Loving the introduction so far and will be avidly following the story as it unfolds. Beware the devil Strahd!

    ReplyDelete
    Replies
    1. Hiiii Jez mate, nice to hear from you. Yeah the campaign we started before for Ravenloft was simply too in depth for a blog. We were playing sessions faster than I could possibly keep up with here, and as a result only a fraction of the campaign was ever actually seeing the light of day in written form... the end result was a bit bitty and disjointed, so we bought it to a halt (the campaign still went on for many more months: just not here .... well, would you believe it actually finally came to a conclusion tonight with our play group).

      No, this time round it will be manageable because we will be doing Ravenloft `lite` i.e. using the simple boardgame adventure system, and not full D&D 5th Ed.

      Jim was one of Gary`s original guinea pigs for the early Greyhawk adventures wasn't he, Before Tactical Studies Rules changed to TSR even? WOW those days seem so long ago now.

      Send that mini of yourself along Jez, and you can still play a character in this new game. Tar` will be doing/running a lot of it, so this should prove to be a lot of fun all round.

      Delete
    2. Yes, you simply must send that mini of yourself: I know you bought one, and he will be immortalised in Ravenloft, and either he (or his remains) will be sent back in the post once we`ve finished with him hehe.

      Delete
    3. Here`s a tough one for you Jez. Which is your absolute favourite setting, Greyhawk or Ravenloft?

      Delete
    4. I shall move him back up the painting queue, although the Daleks might start complaining.

      Hmmm, Greyhawk or Ravenloft? I think I'd probably have to say Ravenloft. I like the fact that it's relatively small and self-contained and that each Domain has it's own history and feel. I also like the mechanics of Domains moving, or joining together, or vanishing entirely and the overall 'feel' of the setting, as "the light shines brightest in the dark". However, there are various canon Domains and Darklords that make no logical sense to me, so I've "re-imagined" them. But that's part of the fun of a RPG setting, making it your own or coming up with an interesting variation, like I did with 'Indian Adventures'.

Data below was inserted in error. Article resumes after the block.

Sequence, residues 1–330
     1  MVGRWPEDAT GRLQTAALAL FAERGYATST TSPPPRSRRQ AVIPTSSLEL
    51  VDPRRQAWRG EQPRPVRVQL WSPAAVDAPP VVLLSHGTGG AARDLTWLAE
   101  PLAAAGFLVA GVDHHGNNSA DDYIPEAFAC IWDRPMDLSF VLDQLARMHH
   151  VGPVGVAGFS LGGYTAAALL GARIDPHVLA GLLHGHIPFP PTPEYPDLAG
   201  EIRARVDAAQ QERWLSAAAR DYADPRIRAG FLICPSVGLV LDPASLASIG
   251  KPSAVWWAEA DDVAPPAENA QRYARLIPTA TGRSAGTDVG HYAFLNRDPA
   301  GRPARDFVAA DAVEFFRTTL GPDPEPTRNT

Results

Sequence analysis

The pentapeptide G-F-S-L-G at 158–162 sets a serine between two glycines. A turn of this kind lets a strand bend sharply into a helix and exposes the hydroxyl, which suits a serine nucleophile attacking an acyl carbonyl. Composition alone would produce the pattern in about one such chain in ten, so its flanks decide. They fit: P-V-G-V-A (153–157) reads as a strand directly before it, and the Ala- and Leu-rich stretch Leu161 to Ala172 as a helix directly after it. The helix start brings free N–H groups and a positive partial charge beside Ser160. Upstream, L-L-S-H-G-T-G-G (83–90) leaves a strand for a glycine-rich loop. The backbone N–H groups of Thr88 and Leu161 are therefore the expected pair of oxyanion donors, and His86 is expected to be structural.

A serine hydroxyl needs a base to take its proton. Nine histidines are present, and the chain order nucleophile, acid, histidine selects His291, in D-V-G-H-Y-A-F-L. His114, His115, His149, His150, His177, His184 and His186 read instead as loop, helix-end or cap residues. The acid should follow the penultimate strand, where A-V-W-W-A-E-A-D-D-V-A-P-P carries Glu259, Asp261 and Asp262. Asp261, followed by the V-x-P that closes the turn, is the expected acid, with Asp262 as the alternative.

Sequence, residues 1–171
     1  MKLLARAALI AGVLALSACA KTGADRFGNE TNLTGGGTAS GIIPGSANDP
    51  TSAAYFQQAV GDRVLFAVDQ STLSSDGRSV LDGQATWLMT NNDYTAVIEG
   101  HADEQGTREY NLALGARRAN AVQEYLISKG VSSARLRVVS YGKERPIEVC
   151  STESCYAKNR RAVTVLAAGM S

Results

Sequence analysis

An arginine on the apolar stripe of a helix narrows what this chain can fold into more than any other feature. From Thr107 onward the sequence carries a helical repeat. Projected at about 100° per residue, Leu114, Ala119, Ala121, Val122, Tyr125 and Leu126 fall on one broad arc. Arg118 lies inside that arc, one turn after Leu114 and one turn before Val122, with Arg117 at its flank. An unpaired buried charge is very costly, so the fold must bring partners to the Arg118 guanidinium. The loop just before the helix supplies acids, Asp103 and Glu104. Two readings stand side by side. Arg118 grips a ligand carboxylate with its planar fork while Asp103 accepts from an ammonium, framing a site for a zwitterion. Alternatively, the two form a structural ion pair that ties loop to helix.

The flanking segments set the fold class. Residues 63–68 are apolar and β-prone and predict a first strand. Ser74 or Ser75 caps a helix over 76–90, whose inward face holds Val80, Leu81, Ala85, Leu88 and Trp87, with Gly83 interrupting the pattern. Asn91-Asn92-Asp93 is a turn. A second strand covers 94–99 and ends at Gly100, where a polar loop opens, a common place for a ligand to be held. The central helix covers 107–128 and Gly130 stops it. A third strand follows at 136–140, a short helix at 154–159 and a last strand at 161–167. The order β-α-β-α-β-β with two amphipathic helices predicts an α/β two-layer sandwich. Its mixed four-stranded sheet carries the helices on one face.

Delete
    5. interesting. I thought you might say Greyhawk, as its bigger, has more scope, it is true D&D as in, it one of the first creations and the brainchild of Gygax himself.

      5th has taken out all the Domains except one - Barovia. In some ways I like this because its more centrally focussed now. But in other ways I liked the sheer looseness and panache of 1st and 2nd ed Ravenloft. 2nd ed was closest to British "Hammer House" I can think of, and represents an era of TSR never to be repeated since.

      Delete
  5. Great timing Steve, as I'm gearing up for a summer D&D campaign run by daughter and played out (partly) on the tiles I'm putting together. I shall follow this keenly for inspiration!

    ReplyDelete
    Replies
    1. Hopefully ours will give you lots of ideas for your own. Can`t wait to see your terrain and your daughter`s game in action.

      Delete
  6. O yes yesssss YESSSSSSSSS Andy. That's fantastic news. Its always nice when we can follow along with people doing similar subjects. Its like me with my colonial wargaming (The Sudan and Zulus... which I rarely bother anyone here with as its all a lot more serious and lots of historical minutia) I absolutely love to go visit X Y or Z blogger who is doing the same thing - only HIS way. All too often you go look and find the other guy is doing something that makes you go "OOooo now THAT is an interesting approach" or sometimes you see something and go: "DAMN that's good, how does he/she do that?" haha.

    I`m absolutely delighted you and your daughter are going to do a D&D campaign... actually, now I think about it, I`m sure read this. Do I imagine you mentioning your daughter is running a game in summer camp or something?

    The tiles you are making are delightful, and the only reason I`ve not raved about them more in you tube is that you tube is being a pig to me lately and wont let me post many comments for some reason (must be a problem with the Direct X). So its nothing personal, Its just that I literally cant is all haha.

    May I ask what kind of game it will be, a dungeon crawl I`m presuming at any rate. or is it hush hush or too early yet to know?

    ReplyDelete
  7. I'm not in charge, Alex is writing the campaign with input from her D&D loving boyfriend. She's gonna run two parallel campaigns with two separate parties that will join up somewhere. It's all a bit hush hush but I said I'd make a dungeon/sewer terrain for 7TV2 and offered it up for her if she wants to use it!

    ReplyDelete
  8. D&D, one of my first passions...what a game - well, not only a game, a new universe, when I was young, many many years ago...Anyway, I will follow your adventures with great interest!

    ReplyDelete
  9. hi Phil, lovely of you to drop by. I think D&D was the first passion of many a game hobbyist. Interestingly, mine was not so much D&D: but its poor cousin Tunnels and Trolls, and a little bit of Runequest. For me, D&D was number three in that passion list. Pease do follow the adventures we have planned, I`m sure you will find something of interest there, perhaps happy nostalgic remembrances of youth.

    Your latest medieval siege article over at "Association - Les Riflemen" REALLY inspired us and spurred us on to want to do our own game. Different style I know, but the inspiration came from there never the less.

    ReplyDelete